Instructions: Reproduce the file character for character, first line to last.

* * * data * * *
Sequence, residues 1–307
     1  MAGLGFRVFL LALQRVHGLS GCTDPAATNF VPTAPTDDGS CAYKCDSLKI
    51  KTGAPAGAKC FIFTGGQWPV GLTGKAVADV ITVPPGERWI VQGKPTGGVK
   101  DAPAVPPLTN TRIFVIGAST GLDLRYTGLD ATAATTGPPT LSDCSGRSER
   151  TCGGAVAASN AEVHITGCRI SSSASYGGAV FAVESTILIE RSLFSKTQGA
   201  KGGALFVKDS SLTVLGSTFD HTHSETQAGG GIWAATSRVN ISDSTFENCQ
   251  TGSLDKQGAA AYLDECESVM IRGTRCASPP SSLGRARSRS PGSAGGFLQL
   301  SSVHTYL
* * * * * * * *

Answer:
Sequence, residues 1–307
     1  MAGLGFRVFL LALQRVHGLS GCTDPAATNF VPTAPTDDGS CAYKCDSLKI
    51  KTGAPAGAKC FIFTGGQWPV GLTGKAVADV ITVPPGERWI VQGKPTGGVK
   101  DAPAVPPLTN TRIFVIGAST GLDLRYTGLD ATAATTGPPT LSDCSGRSER
   151  TCGGAVAASN AEVHITGCRI SSSASYGGAV FAVESTILIE RSLFSKTQGA
   201  KGGALFVKDS SLTVLGSTFD HTHSETQAGG GIWAATSRVN ISDSTFENCQ
   251  TGSLDKQGAA AYLDECESVM IRGTRCASPP SSLGRARSRS PGSAGGFLQL
   301  SSVHTYL